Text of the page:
Symbolic Boundaries, Identity, and Art Museum Visitation

By Theopisti Stylianou-Lambert.

Published by The Arts Collection

Format Price
Article: Print $US10.00
Article: Electronic $US5.00

This article provides evidence of how different art museum visitation groups (high, middle, and low attendance levels) draw symbolic boundaries in order to distinguish themselves from others and develop a sense of group membership. In-depth, semi-structured interviews revealed that interviewees in the high visitation level mainly distinguished themselves from other visitors rather than from non-visitors. On the other hand, interviewees in the low visitation level distinguished themselves from non-visitors, while those in the middle level adopted an intermediate position by distinguishing themselves from both non-visitors and visitors. This process of exclusion and inclusion seems to define the interviewees’ self-identity and to influence their visitation decisions. Even though this study focuses on cultural boundaries, evidence of moral and socio-economic boundaries is also apparent.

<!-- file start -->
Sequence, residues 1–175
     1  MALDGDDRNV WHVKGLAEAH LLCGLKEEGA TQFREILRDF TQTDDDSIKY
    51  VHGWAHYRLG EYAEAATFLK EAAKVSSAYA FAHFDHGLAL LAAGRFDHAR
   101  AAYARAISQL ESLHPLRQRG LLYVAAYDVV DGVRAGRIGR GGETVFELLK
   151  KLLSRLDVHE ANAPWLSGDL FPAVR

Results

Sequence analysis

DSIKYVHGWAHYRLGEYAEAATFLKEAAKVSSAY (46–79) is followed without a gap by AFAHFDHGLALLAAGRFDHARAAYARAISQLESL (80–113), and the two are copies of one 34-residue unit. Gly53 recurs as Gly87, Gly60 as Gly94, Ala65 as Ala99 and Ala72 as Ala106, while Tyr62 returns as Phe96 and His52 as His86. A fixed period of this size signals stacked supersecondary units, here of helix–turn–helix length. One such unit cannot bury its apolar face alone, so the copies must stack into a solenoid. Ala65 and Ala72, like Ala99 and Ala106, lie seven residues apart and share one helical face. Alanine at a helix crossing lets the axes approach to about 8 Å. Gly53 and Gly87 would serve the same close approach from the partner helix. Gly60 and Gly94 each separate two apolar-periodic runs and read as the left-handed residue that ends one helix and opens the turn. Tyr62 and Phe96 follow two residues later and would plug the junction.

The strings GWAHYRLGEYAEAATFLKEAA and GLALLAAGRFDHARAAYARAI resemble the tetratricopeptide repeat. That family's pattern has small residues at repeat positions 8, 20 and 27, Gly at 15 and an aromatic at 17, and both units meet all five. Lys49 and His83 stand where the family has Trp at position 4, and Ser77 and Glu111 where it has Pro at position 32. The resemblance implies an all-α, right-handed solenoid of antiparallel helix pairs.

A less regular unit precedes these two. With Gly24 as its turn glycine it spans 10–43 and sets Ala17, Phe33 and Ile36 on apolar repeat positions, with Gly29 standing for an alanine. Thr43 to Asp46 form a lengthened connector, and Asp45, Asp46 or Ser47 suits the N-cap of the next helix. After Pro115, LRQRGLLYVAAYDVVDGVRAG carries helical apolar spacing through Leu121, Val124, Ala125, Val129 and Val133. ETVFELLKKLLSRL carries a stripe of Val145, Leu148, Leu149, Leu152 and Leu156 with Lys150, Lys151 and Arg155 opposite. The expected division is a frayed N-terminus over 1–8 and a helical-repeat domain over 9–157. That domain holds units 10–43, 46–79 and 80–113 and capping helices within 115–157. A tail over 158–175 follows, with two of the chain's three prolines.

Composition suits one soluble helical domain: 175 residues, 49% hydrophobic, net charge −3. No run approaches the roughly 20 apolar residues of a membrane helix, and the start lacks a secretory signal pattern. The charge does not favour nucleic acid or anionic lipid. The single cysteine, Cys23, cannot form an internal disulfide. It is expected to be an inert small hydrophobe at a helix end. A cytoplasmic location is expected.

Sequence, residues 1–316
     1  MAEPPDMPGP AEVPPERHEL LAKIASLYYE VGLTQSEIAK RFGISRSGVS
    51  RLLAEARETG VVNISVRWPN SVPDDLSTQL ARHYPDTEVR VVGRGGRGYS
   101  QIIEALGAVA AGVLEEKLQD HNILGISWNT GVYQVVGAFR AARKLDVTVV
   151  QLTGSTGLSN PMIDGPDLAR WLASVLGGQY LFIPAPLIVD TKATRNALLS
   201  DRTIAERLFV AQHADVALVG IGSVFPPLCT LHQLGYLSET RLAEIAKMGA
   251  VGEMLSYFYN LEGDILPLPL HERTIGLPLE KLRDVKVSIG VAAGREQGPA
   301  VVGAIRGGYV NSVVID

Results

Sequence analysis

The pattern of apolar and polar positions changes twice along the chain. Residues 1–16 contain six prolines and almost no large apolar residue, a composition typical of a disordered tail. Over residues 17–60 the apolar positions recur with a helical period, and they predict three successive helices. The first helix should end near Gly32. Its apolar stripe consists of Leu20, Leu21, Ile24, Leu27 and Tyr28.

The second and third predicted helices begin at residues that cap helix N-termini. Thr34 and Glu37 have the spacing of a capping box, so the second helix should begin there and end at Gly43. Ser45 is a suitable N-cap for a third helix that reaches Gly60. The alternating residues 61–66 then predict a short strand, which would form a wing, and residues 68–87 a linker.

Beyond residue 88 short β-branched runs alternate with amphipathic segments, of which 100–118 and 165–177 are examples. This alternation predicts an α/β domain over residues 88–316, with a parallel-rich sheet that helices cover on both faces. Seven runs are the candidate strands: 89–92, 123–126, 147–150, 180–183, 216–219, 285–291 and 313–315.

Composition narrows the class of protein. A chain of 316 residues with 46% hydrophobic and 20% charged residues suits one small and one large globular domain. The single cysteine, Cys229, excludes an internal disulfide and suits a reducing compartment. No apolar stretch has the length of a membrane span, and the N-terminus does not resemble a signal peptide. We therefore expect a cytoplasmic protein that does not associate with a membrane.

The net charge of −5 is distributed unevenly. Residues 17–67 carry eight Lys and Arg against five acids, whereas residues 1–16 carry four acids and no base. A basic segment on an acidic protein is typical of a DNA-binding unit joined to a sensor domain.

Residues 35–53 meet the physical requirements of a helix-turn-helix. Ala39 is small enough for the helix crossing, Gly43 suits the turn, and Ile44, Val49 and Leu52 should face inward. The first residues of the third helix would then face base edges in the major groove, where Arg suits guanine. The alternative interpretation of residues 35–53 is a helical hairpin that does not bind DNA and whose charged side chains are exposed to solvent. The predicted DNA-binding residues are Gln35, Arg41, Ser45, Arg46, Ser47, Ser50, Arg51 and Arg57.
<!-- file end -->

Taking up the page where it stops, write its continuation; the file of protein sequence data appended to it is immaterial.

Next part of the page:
Keywords: Art Museum Visitation, Symbolic Boundaries, Museum Audiences, Identity, Distinction and Belonging

International Journal of the Arts in Society, Volume 4, Issue 1, pp.119-130. Article: Print (Spiral Bound). Article: Electronic (PDF File; 1.252MB).

Dr. Theopisti Stylianou-Lambert

Lecturer, Department of Applied Arts and Communication, Cyprus University of Technology, Nicosia, Cyprus

Theopisti Stylianou-Lambert is a lecturer at the Cyprus University of Technology. She earned her PhD in Museum Studies from the University of Leicester (UK) and her research interests include museum studies, photography, cultural production and consumption, as well as the sociology of art.

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